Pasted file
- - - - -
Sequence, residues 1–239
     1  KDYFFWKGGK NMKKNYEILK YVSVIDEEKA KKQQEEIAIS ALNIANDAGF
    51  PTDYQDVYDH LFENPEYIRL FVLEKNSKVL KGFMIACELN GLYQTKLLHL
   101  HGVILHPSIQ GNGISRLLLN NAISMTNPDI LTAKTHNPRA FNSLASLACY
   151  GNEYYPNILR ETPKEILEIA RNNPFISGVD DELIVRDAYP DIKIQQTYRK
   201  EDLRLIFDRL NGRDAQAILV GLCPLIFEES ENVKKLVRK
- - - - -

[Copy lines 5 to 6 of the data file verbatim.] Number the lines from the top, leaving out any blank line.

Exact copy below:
   151  GNEYYPNILR ETPKEILEIA RNNPFISGVD DELIVRDAYP DIKIQQTYRK
   201  EDLRLIFDRL NGRDAQAILV GLCPLIFEES ENVKKLVRK